Southern Ground-hornbill

This charismatic species is both culturally and ecologically important. They are hailed across their sub-Saharan range as the thunder birds or rain birds. They are also a valuable flagship species for the savannah biome as they are easily recognizable, and with such large spatial requirements, any successful conservation action in even one of their expansive territories benefits all the other savannah and grassland species, including threatened species such as vultures, wild dog and cheetah.

At present, Southern Ground-hornbills are considered internationally as “Vulnerable” by the IUCN throughout their sub-equatorial range in Africa. In Zimbabwe the population status is unknown and is likely to be “Endangered” – in South Africa and Namibia they have been classified as “Endangered”, with their numbers outside of formally protected areas still declining.

The reasons for their decline are predominantly loss of habitat to bush-encroachment and development, overgrazing, large-scale monoculture, loss of large nesting trees, besides secondary poisoning, lead toxicosis from spent lead ammunition and electrocution on transformer boxes.

We are working on:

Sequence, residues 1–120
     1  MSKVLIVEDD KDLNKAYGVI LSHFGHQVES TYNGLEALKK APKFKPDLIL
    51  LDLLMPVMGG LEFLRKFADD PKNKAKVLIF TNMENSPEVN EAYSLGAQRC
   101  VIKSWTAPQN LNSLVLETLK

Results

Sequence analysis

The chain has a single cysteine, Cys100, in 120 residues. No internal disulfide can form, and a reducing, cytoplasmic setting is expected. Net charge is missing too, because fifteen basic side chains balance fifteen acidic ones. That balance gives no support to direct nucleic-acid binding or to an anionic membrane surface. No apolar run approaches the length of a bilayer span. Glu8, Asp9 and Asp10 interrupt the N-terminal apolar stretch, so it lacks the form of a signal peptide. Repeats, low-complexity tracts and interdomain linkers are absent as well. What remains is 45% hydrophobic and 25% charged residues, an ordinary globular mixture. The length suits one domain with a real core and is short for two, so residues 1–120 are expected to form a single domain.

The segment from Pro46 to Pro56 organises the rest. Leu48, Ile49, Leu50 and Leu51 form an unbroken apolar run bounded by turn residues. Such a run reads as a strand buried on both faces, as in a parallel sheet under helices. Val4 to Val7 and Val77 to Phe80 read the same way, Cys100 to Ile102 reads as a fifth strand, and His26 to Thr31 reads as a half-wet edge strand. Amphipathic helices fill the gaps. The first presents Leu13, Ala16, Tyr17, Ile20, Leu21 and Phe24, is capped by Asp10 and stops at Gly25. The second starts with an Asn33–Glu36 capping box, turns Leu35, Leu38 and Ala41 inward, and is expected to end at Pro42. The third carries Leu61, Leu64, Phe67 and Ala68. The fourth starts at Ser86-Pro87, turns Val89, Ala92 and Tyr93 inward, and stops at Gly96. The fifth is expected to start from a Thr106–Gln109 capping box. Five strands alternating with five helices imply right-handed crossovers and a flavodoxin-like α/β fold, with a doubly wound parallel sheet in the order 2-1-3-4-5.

• Establishing the population status of Zimbabwe through (WhatsApp groups).
  • Continuing the breeding and population monitoring in the Matopos.
  • Coordination of a nationwide awareness campaign to educate the general public to the threats facing the thunder birds.
  • A Custodianship programme that supports land-owners, managers and community leaders in management that will ensure sustainability of their locally resident ground-hornbill families.
  • An enhanced conservation education campaign, with special focus of belief-based
    medicine and deforestation.
  • Ultimately, to see co-existence with people, and population persistence, then growth. To promote avi-tourism and guiding etiquette for custodians.

SGH Sightings for Mashonaland West Provunce 09/23

Keeping Common Birds Common